Sunday, July 21, 2024

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HomeIssue 5We need to get these kids off the streets: Wakefield

We need to get these kids off the streets: Wakefield

p2274-Dale-WakefieldBy ERWIN CHLANDA
“We know that we need to get these kids off the streets. This behaviour is absolutely unacceptable. No individual or business should ever have to experience what Andrew Kittle and his team have,” says Minister for Territory Families Dale Wakefield (pictured).
“There is no silver bullet to solving the crime issue in Alice Springs. If there was, we would have taken it.”
Ms Wakefield says the government has increased funding for after-hours youth services in Alice Springs and “we are looking at what model will work to most effectively deliver these activities”.
She makes no comment about a measure for children similar to protective custody for adults at risk, which is involuntary detention, usually overnight.
Ms Wakefield says: “We are establishing bail support accommodation for young people who don’t have a safe place to go.
“This facility will be manned 24-hours and we anticipate it will be up and running by the end of the year.
“We also have a new Youth Outreach Centre scheduled to be up and running next week. The Centre is a service centre and we want it to be flexible to allow for quick responses to community needs.
“This government is determined to break the cycle of crime and these are just some measures in our overhaul of the youth justice system.”


  1. Kittles is owned by CenterCorp which the CLC have a major stake in.
    Perhaps the land council should rethink their hoarding of some $50m + and spend some their wealth on Aboriginal youth.
    No NT Government funds should be spent protecting Kittles.

  2. Stop the flow of alcohol in this town, need to engage with the Federal government re changing all welfare payments to one day a week.
    My mob get around in large groups because someone in that group gets welfare payments, ie seven people (captains) in a group, seven days of getting money to drink.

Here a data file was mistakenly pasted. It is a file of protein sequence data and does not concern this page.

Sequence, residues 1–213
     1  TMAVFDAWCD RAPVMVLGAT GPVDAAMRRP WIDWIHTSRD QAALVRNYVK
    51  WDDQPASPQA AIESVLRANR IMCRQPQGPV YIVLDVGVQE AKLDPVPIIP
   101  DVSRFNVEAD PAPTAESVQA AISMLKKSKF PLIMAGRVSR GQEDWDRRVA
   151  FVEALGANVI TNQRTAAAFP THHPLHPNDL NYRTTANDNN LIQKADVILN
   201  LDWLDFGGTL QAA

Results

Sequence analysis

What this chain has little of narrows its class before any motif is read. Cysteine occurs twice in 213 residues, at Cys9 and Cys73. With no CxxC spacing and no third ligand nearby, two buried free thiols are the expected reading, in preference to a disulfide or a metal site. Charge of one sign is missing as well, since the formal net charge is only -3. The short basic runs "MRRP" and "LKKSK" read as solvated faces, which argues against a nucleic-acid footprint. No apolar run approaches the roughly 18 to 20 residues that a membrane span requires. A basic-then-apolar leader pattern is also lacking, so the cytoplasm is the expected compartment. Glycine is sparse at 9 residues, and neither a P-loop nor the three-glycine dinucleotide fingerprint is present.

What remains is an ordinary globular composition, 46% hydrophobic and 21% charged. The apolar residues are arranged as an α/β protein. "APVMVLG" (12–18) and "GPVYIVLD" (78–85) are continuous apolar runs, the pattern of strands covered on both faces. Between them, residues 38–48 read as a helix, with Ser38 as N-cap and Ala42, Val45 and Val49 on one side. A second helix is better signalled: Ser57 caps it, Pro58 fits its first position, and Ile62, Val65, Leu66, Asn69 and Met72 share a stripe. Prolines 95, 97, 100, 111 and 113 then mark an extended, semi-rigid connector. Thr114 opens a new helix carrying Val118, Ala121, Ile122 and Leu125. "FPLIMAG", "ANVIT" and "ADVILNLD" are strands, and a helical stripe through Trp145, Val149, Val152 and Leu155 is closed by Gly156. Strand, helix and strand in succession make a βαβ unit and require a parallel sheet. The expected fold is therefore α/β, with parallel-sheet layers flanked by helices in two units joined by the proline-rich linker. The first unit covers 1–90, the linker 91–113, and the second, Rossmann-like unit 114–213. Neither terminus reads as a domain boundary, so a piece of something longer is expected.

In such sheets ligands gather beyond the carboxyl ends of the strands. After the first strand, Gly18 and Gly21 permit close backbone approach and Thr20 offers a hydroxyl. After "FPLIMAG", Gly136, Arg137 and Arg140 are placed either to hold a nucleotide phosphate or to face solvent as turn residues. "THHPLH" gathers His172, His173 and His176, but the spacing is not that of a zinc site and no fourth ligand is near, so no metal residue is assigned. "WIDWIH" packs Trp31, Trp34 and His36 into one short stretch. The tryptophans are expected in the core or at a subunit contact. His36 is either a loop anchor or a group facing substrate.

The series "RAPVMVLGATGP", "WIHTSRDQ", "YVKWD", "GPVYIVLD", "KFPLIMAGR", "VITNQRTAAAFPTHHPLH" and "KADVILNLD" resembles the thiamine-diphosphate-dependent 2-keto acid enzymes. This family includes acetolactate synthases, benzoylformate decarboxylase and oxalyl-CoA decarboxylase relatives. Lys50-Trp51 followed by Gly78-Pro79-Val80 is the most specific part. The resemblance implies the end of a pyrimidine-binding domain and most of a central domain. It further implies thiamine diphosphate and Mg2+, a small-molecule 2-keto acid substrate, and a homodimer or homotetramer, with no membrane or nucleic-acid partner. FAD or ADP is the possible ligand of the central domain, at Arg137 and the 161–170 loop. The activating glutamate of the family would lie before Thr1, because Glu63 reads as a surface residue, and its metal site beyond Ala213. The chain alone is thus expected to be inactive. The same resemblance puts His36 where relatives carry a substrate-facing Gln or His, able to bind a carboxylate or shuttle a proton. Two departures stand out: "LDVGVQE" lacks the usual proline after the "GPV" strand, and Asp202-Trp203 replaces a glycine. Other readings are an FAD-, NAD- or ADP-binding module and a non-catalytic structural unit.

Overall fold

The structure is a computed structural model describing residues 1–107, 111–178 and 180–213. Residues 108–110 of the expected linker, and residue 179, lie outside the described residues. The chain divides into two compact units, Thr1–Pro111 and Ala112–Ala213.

We need to get serious about this issue.
    Kids go off the rails because no appropriate parental guidance and discipline from parents due to alcohol abuse.

  3. Blah Blah Blah. That’s all I hear from these people. Action speaks louder than words, start doing something and not the same old things that haven’t worked!
    The Government (the Ministers in power) should be ashamed of their inaction. You are an embarrassment and what is wrong with our beautiful Territory.

  4. After-hours youth services work only if the youth want to use them. If they think it is more fun to rampage and act like wild animals left out of a cage, nothing will work.
    A 6-year-old on the street at night does not need activities, he/she needs food, bed and care.
    Those children are not delinquents, they are neglected and parents should be put in front of a judge and made responsible for damages.

  5. As has been mentioned twice in comments, the problem starts with the parents. These children do not go home because often there is little to go home to.
    They roam the streets, are bored, often in groups and end up breaking into homes and businesses.
    Many of them are on drugs.
    To solve this problem we need to start at the bottom with the parents, for so long they have got off scott free.

  6. It’s interesting to see how many comments there are blaming the parents of delinquent youth.
    What’s not taken into account by all these sage remarks is that the parents are in all likelihood the product of identical circumstances when they were youngsters.